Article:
I don’t think I’ve read such a lovely and creepy story about a woman and her brother since The Visitors – Catherine Burns.
No matter how seemingly perfect a person’s life is, no one can ever tell what demons he or she is fighting within.
That is the premise of this lovely book which delves into analysing the complex social dynamics that form between parents who do a school-run.
Big Little Lies is a brilliant take on ex-husbands and second wives, mothers and daughters, schoolyard scandal, and the little lies that can turn lethal.
Finn Hunt is the nanny for 4 year old Amabel, the daughter of Philip and Marina Martin. Philip’s father is a senator in Arizona, and the hope is one day Philip will be able to slide in and take his seat once his father decides to step down. Despite being the hired help, Finn feels like she is a part of the family and gets caught up in their wealthy and glamorous world. She soon finds herself in the middle of something that could bring down this political first family. She also needs to worry about her own past suddenly resurfacing.
Rosie Thomas brings forward an interesting novel of the complexities of family and the sacrifices we make for the ones we love. Sadie’s life is calm and complete. She is a mother, a good friend, and the robust survivor of a marriage she deliberately left behind. She has come to believe that she has everything she wants and deserves. But now her father is dying—the elusive man who spent his life creating exquisite perfumes for other women is slipping away from her, and Sadie must try to make her peace with him before it’s too late.
As Sadie confronts the truth about her father, who often ignored her as he pursued his separate life, her relationship with her son Jack also appears to be breaking down. Intent on salvaging her relationships with both son and father, her seemingly perfect life unravels from both ends. Then the arrival of an ephemeral woman from her father’s past sets off a chain reaction of events that even Sadie cannot control.
When I picked up the Reader’s Digest collections of stories, this is the one I really wanted to read, but I had to start with a crap one called “An Offer you can’t refuse”.
In the year 1964, a set of twin is born in the peaceful house of a country doctor and his young lovely wife. The delivery doctor recognised that the girl has Down Syndrome, and suggests that the child is given to a home as they have short lives and can suffer from heart defects.
How I Met My Son is more than a memoir, it is an invaluable guide to the reality of adoption in the UK. Both joyful and heartbreaking, the path to becoming a parent is laid bare. The story explores the sadness of infertility, the rigours of IVF, the minefield of social services, the intensity of the assessment process, the difficulties of choosing a child (and being chosen) and the happiness and shock of finally bringing that child home.
A candid, compelling and inspirational book about what it means to be a parent of a child that isn’t, biologically, your own.
Surprised by joy—impatient as the Wind
I turned to share the transport—Oh! with whom
But Thee, long buried in the silent Tomb,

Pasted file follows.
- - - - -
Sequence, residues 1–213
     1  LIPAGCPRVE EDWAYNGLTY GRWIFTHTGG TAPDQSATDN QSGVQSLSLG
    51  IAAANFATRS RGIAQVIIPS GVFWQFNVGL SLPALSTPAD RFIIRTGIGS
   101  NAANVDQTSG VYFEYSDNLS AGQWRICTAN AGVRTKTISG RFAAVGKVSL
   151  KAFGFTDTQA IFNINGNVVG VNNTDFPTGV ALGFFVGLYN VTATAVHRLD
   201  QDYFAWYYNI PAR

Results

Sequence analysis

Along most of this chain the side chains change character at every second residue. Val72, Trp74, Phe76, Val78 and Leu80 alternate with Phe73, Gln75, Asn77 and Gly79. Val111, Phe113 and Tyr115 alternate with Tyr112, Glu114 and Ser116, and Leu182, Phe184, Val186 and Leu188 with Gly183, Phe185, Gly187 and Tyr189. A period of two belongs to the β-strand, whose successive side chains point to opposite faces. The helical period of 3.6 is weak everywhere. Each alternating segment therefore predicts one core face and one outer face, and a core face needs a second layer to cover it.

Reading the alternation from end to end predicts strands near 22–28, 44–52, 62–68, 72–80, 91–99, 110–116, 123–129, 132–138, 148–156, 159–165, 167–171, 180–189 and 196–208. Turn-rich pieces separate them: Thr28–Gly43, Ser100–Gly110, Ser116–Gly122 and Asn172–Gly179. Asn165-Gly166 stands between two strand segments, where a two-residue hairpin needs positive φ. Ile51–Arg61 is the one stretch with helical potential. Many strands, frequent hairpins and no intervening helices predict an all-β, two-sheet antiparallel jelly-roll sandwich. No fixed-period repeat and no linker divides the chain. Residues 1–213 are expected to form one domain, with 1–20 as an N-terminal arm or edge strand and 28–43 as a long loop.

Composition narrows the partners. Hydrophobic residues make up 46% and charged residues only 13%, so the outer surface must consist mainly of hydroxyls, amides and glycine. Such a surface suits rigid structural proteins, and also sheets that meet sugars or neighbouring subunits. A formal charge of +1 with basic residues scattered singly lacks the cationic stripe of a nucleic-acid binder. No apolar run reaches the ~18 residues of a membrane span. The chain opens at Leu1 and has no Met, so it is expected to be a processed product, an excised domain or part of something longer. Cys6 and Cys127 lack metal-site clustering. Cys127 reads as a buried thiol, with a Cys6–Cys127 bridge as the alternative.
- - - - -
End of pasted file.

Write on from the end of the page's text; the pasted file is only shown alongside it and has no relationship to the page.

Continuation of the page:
That spot which no vicissitude can find?
Love, faithful love, recalled thee to my mind—
But how could I forget thee?—Through what power,
Even for the least division of an hour,
Have I been so beguiled as to be blind
To my most grievous loss!—That thought’s return
Was the worst pang that sorrow ever bore,
Save one, one only, when I stood forlorn,
Knowing my heart’s best treasure was no more;
That neither present time, nor years unborn
Could to my sight that heavenly face restore.
In our last episode, I introduced you to the two girls at the center of this podcast, Mattie Southern and Sadie Hunter. Mattie was murdered, her body left just outside her hometown of Cold Creek, Colorado. Sadie is missing, her car found, abandoned, thousands of miles away, with all her personal belongings still inside it. The girls’ surrogate grandmother, May Beth Foster, has enlisted my help in finding Sadie and bringing her home.
Sadie hasn’t had an easy life. Growing up on her own, she’s been raising her sister Mattie in an isolated small town, trying her best to provide a normal life and keep their heads above water. But when Mattie is found dead, Sadie’s entire world crumbles. After a somewhat botched police investigation, Sadie is determined to bring her sister’s killer to justice and hits the road following a few meagre clues to find him.
Since I’ve started with the shitty series from V.C. Andrews (or her ghostwriter), I decided to tackle the last book in the series called Cat.
This is definitely the most disturbing of this series. Cat deals with issues that none of the other girls had to. This wasn’t arguing parents or legal disputes or even absentee dads.
She was forty-six years old and from what I understood, she had not been to a doctor for more than thirty years. She didn’t have to go to a doctor to give birth to me. I had been adopted. I didn’t learn that until . . . until afterward, but it made sense. It was practically the only thing that did.
As the story unfolds, we witness some serious psychological abuse from her mother. She grew up thinking her body and its functions are something to be ashamed of and her mother was afraid of anything physical of nature.
We all want to connect and be involved with our child. Children of involved parents generally feel more confident, assured and have a higher level of self esteem. They excel in school and do well in extracurricular activities and with their hobbies.